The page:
More importantly, the settlement which was reached proved to be only a temporary solution but one with long-lasting harmful effects. The Welsh wizard At the conference the Chinese were quick to recognise a dubious practice of the British prime minister. The secretary to the Chinese delegation, Wunsz King, claimed that, 'Lloyd George was well known for his skill and audacity in participating in the discussion of a subject without knowing exactly what it was all about'.
Lloyd George was heavily involved in European problems but he did not let his lack of detailed knowledge of Shandong prevent him from expediting matters.
With scant regard for long term effects, he persuaded the conference to agree to the transfer of former German rights to Japan, who had promised to restore them to China.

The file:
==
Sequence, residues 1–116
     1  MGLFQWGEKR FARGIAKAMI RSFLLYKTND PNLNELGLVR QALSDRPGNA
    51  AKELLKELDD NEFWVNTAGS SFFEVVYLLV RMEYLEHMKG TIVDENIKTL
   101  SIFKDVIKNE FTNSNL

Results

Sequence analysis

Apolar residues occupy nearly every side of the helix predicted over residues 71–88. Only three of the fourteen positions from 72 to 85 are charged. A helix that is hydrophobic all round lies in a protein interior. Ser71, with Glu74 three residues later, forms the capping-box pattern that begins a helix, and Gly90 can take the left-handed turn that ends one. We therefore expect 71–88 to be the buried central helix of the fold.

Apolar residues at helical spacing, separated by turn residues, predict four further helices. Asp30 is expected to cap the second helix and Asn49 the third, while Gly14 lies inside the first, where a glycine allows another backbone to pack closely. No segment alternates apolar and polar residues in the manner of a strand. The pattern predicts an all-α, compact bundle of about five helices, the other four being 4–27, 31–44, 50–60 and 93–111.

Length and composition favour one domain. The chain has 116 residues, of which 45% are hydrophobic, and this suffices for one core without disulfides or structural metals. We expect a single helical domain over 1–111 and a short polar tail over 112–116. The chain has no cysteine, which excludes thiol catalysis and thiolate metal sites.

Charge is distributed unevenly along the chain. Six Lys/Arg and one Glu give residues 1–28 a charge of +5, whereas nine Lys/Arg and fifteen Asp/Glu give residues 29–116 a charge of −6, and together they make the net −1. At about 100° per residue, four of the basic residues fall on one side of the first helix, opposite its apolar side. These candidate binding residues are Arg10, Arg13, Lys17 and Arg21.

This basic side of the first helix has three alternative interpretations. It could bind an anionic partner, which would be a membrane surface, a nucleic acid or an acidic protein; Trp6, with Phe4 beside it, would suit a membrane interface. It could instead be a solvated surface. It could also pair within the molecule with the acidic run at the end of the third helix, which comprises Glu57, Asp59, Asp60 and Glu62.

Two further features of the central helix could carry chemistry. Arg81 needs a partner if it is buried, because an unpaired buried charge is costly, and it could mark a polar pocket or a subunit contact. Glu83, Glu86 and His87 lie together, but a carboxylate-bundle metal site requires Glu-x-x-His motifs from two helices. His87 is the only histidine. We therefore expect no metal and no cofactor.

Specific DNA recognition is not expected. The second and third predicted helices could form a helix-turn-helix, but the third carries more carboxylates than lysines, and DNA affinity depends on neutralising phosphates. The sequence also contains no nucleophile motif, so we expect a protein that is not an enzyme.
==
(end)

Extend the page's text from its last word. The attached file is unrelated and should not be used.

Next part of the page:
Consequently articles were included in the Treaty of Versailles. The Chinese delegation was not invited to the inner Council of Three when the main Powers basically decided the issue. It was kept waiting several weeks before it was told officially what had been agreed.
Displeased with its terms, the Chinese delegation surprised the conference by refusing to sign the Treaty of Versailles. The May Fourth Movement News of the Shandong settlement had leaked out and created a movement which gave impetus to Chinese nationalism. Beginning on 4 May people took to the streets in their thousands and hostility to Japan and Britain was expressed forcibly by students.